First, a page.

Tuesday, / June 15, 2021
Home / news

Passover Programs to Reach 437 Communities in the FSU


As in years past, the the Federation of Jewish Communities of the CIS is implementing a comprehensive Passover campaign designed to facilitate observance of this festival among Jews in the Former Soviet Union. This year, the FJC will distribute some two million pounds of matzah and 250,000 bottles of wine to its 437 member communities, spanning the fifteen former Soviet republics. Coordinating the campaign is the Department of Purchasing and Logistics of the Ohr Avner Foundation‘s office in Moscow, headed by Natan Kozlovsky.

Other facets of the Passover campaign involve the distribution of kosher food products prepared especially for use in making Passover dishes, to Jewish communities of the CIS and Baltic countries. This includes four tons of salt, six tons of sugar, and 15,000 bottles of cooking oil. Jewish communities will also receive 10 tons of hand-made matzah shmura.

The FJC working in coordination with Lubavitch World Headquarters, has made it possible for some 200 rabbinical students from the U.S.A. and Israel to pair up with another 200 local yeshiva students to visit Jewish communities, many of which are not served by a resident Rabbi. The rabbinical students will organize and lead Passover Seders and aid in leading Passover training seminars for people who want to make their own family Seder. Such seminars are already taking place in many communities in the lead-up to the holiday.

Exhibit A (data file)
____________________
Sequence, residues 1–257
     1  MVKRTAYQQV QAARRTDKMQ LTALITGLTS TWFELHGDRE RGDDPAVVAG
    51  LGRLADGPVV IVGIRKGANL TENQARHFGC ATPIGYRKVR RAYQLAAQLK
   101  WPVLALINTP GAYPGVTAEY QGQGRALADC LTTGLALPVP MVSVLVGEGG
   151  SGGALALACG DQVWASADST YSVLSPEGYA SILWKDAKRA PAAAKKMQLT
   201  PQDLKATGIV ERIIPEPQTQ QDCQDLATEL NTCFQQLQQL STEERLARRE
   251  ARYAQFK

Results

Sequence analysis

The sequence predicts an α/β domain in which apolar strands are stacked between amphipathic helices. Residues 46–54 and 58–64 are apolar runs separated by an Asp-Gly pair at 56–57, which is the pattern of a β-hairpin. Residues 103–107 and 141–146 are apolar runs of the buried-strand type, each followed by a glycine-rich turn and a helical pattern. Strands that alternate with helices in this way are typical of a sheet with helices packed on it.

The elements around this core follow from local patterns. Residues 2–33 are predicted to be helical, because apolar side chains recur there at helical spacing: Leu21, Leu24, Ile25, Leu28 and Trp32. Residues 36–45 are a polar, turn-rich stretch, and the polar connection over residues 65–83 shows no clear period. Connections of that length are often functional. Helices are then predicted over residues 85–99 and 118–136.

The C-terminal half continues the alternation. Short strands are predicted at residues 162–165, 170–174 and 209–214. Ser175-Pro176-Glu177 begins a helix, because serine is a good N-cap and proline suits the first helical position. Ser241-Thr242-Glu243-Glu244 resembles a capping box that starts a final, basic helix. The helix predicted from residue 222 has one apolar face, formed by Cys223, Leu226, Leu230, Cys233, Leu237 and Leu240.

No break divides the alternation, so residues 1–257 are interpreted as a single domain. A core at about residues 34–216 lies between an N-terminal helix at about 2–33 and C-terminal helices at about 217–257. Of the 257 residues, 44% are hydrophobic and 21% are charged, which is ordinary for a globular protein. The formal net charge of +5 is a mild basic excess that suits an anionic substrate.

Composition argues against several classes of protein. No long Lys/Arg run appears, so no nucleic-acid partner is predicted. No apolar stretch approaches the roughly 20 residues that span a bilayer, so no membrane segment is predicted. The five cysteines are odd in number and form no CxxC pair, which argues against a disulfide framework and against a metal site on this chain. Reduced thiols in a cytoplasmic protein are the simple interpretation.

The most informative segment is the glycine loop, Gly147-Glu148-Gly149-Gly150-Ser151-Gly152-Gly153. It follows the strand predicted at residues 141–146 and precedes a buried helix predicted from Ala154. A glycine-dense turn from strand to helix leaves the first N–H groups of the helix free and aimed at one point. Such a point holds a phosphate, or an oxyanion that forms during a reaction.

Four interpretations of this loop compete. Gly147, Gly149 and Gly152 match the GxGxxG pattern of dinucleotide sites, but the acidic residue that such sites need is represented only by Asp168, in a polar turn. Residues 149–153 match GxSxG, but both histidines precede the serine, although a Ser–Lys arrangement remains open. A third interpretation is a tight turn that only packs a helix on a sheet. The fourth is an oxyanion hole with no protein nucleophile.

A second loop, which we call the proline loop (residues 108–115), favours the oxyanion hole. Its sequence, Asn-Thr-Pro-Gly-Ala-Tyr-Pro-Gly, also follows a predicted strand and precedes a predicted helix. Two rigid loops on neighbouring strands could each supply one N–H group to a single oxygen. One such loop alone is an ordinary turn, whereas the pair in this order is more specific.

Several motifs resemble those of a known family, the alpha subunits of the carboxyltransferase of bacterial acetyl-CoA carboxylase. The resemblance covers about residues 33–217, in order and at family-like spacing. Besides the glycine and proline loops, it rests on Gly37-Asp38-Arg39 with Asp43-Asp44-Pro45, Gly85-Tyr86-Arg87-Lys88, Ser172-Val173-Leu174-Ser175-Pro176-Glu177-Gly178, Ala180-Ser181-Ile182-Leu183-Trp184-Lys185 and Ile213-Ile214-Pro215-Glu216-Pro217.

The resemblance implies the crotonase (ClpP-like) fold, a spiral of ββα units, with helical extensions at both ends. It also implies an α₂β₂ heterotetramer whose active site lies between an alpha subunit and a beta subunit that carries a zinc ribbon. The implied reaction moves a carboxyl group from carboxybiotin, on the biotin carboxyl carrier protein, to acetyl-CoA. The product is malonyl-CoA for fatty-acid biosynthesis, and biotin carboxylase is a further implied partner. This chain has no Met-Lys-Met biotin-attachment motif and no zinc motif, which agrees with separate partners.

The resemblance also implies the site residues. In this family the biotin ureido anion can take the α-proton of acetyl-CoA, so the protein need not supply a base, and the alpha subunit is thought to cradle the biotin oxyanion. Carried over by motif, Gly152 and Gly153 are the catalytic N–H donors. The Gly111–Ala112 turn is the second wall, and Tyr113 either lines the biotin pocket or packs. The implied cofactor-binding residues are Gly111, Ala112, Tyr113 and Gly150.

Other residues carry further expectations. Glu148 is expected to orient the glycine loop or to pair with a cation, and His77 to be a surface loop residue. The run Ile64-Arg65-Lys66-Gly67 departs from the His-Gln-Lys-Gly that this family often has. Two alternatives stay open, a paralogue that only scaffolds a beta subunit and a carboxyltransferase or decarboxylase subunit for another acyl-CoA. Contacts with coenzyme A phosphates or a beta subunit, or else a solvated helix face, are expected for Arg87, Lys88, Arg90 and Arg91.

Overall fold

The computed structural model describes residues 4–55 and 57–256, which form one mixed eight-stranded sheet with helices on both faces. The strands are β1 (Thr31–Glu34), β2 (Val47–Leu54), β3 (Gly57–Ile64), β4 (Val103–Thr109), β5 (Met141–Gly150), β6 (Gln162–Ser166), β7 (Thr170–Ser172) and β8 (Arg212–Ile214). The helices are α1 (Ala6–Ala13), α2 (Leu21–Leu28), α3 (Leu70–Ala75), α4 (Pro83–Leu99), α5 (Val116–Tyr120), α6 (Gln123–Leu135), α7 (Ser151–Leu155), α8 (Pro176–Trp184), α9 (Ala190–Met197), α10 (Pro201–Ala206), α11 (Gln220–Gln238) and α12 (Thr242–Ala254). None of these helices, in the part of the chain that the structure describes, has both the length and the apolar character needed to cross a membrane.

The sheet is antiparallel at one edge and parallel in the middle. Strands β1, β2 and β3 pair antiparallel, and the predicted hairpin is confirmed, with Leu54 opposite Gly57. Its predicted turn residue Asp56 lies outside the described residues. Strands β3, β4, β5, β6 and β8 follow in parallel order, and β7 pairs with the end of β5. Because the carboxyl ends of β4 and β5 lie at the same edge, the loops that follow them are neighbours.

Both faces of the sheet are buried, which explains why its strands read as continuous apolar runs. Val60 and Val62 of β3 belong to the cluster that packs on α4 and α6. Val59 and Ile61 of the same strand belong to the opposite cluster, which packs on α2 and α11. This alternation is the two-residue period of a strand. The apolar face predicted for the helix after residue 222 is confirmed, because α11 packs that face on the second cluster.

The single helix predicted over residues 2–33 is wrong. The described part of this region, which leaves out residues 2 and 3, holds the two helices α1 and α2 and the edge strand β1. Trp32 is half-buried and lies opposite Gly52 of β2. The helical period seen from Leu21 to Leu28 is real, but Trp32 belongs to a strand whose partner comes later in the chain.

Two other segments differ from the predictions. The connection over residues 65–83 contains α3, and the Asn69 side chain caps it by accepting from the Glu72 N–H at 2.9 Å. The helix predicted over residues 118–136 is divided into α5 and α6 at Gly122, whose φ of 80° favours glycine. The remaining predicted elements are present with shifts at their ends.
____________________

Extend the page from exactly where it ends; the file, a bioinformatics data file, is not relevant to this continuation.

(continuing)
Informational and educational Passover literature–in the form of 125,000 Passover guides–75,000 of which were printed in Russia and 50,000 in Ukraine – to be distributed across the FSU, and regional newspaper holiday features, are part of the FJC’s holiday awareness program.

The FJC Passover campaign has been made possible thanks to the sponsorship of Mr. Lev and Olga Leviev, the Rohr Family Foundation of NY and Florida.

(source: fjc.ru. Archive photo)


Be the first to write a comment.


Related Articles
Tradition, Tradition!
Is Judaism too ritualistic?
Batter’s Up . . . But Never on Shabbat
Infielder and pitcher Elie Kligman has been running the bases as long as he can remember. One of the top-ranked youth players in Nevada, the…
Statistical Outlier: From Catholic Woman To Chasidic Scholar
Born to an Italian Catholic family in Binghamton, NY, Ani briefly attended Sunday school and took her first Communion, until dropping out of church, with…
Above The Fray
Judaism is neither liberal, nor progressive, nor conservative. It is Judaism. It precedes all of these categories, cuts through them, and floats above them. The…
Find Your Local Chabad Center